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Sunday, December 22, 2013


I am in the middle of my preparations and my exercise of the festal time of Childermastide.
(pronounced CHIL-der-mas-tide, like Christmastide is pronounced.)

I am going to reprint two posts from last year as Childermas 1 and Childermas 2 to give you the thinking behind Childermastide.
Childermas 1 was the first written, December 8, 2012, and preceded Newtown by about a week.
Childermas 2 was the second, written the day after Newtown.
This is the third. I hope my idea here is clear.

The order of posting is:
This post will be on top, Childermastide, and is an introduction as well as a summary.
Childermas 1 will follow below, and then Childermas 2.
A diagram and links:

1) this post Childermas
2) Childermas 1
3) Childermas 2

The word itself, Childermastide, comes from Anglo-Saxon, and it "Childer" + "-mas" + "-tide",
a) childer meaning children, which reminds us of "child" plus the "r" in "children", which itself has the plural ending "-en" as does "oxen"
b) -mas meaning feast, from mæsse,
c) -tide meaning time or period of the year, from tid or tiid.

"Childermas" itself is the Feast of the Holy Innocents, the children slaughtered by King Herod upon his discovery that the Wise Men had given him the slip, and did not report back on the newly born king.
Childermas or the Feast of the Holy Innocents is celebrated on December 28, in the Western Rite Church in the Gregorian calendar, and on December 29 in the Eastern Rite Church using the Gregorian calendar. If the Julian calendar is used, Christmas itself is pushed back from the time of the Gregorian Christmas, and the Holy Innocents is January 11.

So Childermastide is the time of the feast of the (Holy) Children, just as Christmastide is the time of the feast of the (birth of the) Christ (child).

I started thinking about it last year, since the Newtown massacre occurred on December 14. The time - or tide - from December 14 through December 25 and on until December 28-29 struck me as a time most uniquely filled with the martyrdom of children at the start and the finish, yet redeemed with the hope of the birth of the Christ Child between the two memorials for the slaughtered:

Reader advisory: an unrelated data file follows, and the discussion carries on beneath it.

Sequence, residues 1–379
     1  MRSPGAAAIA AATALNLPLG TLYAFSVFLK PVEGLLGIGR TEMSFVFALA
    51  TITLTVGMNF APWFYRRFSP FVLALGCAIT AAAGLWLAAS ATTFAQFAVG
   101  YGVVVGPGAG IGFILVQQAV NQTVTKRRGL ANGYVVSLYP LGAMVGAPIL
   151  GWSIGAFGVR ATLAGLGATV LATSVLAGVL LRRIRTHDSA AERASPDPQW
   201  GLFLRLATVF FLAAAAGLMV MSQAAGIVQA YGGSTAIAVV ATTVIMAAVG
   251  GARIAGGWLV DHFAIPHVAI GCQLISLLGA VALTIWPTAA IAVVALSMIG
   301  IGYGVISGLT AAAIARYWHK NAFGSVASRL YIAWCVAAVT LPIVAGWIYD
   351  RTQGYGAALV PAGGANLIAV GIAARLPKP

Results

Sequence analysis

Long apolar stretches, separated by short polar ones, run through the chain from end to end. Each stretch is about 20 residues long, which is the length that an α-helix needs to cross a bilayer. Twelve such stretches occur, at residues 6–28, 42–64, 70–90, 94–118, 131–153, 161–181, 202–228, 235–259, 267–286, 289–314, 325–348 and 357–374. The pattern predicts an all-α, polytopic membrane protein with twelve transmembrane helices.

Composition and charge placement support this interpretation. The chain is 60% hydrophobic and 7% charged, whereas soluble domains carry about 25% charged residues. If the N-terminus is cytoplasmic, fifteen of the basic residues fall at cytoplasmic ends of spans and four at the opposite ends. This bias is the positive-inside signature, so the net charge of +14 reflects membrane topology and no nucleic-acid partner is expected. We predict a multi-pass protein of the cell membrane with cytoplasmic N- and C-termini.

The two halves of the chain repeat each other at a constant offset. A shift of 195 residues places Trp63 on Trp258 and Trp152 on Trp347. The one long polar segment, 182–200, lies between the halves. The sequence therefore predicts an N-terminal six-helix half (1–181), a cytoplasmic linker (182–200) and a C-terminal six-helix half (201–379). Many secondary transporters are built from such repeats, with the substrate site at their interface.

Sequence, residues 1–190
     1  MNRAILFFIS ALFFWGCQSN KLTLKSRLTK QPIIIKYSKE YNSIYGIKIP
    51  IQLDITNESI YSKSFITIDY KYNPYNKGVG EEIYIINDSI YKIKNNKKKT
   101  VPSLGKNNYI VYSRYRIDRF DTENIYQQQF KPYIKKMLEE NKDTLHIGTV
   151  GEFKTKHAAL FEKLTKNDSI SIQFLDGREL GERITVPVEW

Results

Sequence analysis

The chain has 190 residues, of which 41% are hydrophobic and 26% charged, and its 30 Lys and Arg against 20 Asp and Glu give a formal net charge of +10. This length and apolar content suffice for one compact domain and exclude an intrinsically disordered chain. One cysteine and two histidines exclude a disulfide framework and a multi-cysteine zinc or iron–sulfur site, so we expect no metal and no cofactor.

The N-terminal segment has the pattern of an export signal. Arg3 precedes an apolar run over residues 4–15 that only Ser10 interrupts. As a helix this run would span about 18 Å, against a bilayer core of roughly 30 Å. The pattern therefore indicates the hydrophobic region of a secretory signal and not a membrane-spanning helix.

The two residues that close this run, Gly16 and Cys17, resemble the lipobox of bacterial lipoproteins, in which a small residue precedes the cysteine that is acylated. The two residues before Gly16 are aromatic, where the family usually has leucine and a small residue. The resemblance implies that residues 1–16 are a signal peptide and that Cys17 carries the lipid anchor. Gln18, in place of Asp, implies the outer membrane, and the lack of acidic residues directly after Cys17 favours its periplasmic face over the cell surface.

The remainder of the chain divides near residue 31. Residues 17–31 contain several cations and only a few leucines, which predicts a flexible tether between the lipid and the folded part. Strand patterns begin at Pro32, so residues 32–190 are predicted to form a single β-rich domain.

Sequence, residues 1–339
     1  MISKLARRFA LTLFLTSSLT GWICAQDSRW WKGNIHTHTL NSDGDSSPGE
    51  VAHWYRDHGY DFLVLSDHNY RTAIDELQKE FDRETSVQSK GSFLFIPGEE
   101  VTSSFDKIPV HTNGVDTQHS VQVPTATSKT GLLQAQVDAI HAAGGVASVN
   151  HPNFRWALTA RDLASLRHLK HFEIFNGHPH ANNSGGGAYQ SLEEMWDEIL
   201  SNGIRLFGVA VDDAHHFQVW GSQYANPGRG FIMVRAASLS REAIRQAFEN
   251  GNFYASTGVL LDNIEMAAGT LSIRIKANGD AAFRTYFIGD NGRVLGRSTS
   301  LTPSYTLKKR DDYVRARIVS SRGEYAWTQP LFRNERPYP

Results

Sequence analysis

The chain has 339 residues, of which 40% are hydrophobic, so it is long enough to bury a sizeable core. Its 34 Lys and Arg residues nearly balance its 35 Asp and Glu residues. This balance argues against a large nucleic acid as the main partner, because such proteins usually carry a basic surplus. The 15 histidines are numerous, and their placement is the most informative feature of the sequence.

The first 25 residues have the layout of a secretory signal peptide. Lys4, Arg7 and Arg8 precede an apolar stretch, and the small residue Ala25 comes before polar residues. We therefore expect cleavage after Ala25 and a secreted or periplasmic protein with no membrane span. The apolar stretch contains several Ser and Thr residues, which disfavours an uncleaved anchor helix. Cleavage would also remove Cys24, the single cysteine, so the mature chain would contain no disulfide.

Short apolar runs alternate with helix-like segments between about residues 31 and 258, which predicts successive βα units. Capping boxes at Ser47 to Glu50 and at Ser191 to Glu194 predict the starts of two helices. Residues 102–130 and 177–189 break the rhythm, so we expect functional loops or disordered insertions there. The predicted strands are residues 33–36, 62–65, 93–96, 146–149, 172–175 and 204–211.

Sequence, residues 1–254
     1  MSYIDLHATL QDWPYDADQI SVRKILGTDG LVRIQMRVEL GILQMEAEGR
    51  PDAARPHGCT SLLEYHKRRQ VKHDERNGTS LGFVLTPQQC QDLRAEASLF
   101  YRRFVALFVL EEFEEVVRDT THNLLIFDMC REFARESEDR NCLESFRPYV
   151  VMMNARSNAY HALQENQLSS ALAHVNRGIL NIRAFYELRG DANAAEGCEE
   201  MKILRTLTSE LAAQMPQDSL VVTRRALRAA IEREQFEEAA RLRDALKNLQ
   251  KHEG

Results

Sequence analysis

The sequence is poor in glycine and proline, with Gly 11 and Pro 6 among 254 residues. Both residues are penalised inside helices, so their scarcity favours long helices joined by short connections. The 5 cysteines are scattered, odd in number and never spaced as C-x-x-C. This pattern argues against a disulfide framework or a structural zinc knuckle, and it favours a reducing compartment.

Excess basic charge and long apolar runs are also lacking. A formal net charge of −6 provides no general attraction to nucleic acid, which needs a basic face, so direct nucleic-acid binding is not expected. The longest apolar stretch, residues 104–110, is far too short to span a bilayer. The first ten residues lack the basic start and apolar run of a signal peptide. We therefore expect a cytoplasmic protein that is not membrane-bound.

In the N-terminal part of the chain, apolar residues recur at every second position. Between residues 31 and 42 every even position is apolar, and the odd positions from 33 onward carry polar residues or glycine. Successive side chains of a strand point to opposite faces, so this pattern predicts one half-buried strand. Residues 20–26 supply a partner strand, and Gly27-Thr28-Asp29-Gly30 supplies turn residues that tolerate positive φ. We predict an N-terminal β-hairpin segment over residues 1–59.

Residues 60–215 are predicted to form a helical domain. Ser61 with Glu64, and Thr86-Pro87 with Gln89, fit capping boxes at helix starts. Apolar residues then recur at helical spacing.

it was a scenario which (1) brought us to tears, then (2) filled us with joy and hope, but as we and this time of year parted, it reminded us (3) of the terrible abuse and slaughter of the innocents in the world.

I observe it. I cannot say my family does, for they do not. I do not wish to impose anything upon others. If this is a good idea let others be inspired thereby.
Otherwise, it remains nothing more than Festivus, and one of my idiosyncracies.

However, if we do not like living in a weaponized society which is the outcome of unbridled and unprincipled aggression and competition, a society which marginalizes, and then destroys the poor and helpless and innocent, then let our example shame the others.


My wife just suggested we go to Chicago for Christmas next year, 2014. She thought a moment, then added,"That is, if you don't mind having people begging all over the place... people with their families and kids on the street, right in front of the Drake Hotel... "

She let the thought trail off.

I can not believe this. Is this our country? )


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